|Looking Out From the Top: differential Effects of Status and Power on Perspective Taking
|| Steven L. Blader, Aiwa Shirako, Ya-Ru Chen
||The impact of hierarchical rank on perspective taking is both practically and theoretically important, prompting considerable research attention to this issue. However, prior research has primarily examined how power affects perspective taking, and has neglected to investigate the impact of status (i.e., the respect and esteem that an individual holds in the eyes of others). Yet status represents a distinct and ubiquitous basis of hierarchical differentiation, one that may profoundly affect perspective taking. The current research addresses this gap, theorizing and testing the prediction that high status enhances perspective taking, in contrast to prior research that has generally found that high power diminishes perspective taking. Five studies, examining various forms of perspective taking across diverse paradigms, provide converging evidence that status and power exert differential effects on perspective taking. Moreover, these studies provide insight regarding the distinction between status and power, as well as the distinct psychology associated with status.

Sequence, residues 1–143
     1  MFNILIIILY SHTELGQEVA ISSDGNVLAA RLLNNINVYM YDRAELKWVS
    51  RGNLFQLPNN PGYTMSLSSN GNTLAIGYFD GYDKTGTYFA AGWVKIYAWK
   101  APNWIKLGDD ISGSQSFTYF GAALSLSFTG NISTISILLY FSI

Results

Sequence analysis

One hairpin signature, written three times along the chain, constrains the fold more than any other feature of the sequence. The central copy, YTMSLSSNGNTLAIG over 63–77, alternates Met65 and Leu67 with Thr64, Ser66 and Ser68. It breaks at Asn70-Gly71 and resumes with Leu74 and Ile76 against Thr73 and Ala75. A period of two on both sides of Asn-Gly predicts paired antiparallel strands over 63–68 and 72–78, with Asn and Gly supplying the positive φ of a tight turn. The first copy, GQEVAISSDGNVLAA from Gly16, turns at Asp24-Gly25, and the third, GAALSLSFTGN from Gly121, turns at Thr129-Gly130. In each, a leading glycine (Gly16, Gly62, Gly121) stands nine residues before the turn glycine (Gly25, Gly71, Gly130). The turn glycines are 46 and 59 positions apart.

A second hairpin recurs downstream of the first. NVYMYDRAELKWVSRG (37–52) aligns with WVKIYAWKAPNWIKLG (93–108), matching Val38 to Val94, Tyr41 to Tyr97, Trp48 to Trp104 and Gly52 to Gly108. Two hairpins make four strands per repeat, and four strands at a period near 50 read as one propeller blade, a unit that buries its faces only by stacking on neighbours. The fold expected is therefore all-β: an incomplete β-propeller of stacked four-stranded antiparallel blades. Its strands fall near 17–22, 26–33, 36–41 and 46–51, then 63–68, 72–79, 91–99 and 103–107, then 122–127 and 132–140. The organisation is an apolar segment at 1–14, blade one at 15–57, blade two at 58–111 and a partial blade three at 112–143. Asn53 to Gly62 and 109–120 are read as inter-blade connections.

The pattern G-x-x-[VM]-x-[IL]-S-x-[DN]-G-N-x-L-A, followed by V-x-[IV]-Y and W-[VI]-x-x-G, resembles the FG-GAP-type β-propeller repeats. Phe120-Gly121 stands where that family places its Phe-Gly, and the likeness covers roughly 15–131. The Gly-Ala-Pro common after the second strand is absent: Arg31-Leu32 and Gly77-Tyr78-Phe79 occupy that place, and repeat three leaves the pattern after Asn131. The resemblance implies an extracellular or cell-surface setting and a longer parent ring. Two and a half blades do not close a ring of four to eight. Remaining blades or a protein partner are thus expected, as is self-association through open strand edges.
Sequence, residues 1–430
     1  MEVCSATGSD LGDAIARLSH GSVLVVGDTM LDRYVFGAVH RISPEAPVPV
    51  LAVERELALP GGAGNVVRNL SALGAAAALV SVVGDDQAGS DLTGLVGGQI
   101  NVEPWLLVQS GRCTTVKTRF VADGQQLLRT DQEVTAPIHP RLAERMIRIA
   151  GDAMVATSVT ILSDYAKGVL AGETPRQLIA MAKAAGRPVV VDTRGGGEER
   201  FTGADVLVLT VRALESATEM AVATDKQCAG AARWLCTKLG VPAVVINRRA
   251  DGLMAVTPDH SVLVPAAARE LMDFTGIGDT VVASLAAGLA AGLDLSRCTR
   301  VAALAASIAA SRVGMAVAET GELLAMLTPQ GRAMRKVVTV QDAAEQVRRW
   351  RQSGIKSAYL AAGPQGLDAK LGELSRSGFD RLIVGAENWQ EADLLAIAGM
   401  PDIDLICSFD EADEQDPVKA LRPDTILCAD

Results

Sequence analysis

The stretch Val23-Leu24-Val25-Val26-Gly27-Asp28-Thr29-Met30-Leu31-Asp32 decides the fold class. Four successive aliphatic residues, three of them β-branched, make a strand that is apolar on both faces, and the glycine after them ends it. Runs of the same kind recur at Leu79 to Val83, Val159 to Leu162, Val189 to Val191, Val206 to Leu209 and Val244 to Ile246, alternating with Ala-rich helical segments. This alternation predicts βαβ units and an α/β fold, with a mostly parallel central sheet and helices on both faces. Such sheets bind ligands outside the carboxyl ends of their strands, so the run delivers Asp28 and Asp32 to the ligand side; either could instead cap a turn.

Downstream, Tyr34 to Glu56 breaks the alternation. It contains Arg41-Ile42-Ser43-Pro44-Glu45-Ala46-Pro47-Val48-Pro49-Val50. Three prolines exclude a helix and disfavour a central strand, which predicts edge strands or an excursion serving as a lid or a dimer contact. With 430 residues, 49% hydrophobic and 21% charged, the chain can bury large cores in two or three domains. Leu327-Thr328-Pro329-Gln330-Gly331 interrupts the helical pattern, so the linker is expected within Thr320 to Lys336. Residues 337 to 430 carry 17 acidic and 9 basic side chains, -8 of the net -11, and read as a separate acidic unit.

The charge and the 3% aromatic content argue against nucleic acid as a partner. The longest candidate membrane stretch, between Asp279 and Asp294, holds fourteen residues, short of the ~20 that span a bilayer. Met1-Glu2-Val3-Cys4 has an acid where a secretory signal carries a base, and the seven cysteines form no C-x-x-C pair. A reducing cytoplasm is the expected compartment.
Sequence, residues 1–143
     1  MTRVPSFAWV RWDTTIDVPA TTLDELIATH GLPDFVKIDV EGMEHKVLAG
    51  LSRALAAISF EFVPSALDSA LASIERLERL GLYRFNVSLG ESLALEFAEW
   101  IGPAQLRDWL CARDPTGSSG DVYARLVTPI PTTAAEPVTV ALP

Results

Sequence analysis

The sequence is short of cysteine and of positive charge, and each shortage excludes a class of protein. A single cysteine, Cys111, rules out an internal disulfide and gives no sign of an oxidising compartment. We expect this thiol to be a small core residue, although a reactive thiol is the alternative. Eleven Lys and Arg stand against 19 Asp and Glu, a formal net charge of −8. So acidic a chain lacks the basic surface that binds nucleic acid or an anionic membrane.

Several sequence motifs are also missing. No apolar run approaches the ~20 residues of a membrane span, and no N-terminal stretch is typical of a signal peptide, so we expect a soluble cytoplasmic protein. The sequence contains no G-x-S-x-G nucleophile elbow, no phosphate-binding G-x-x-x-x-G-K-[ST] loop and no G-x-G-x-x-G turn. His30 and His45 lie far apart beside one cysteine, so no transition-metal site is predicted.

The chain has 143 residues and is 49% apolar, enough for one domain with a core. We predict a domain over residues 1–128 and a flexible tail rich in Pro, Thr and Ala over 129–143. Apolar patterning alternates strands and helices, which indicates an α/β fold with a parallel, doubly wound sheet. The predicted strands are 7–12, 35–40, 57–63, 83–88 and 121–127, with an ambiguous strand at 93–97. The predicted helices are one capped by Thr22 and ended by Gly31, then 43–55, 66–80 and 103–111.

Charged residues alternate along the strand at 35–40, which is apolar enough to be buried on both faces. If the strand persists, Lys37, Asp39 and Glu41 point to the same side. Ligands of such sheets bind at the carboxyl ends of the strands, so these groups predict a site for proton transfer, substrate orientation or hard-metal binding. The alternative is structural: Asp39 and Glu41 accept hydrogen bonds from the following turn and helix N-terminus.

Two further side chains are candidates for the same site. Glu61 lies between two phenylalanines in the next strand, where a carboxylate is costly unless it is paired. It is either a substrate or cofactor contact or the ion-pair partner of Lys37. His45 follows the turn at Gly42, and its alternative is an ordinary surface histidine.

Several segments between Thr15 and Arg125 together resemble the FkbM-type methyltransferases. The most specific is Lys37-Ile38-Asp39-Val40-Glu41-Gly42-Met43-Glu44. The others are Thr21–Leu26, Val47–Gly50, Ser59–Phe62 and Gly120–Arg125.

||Personality and Social Psychology Bulletin, Vol. 42(6)
||status, power, perspective taking, hierarchy, social attention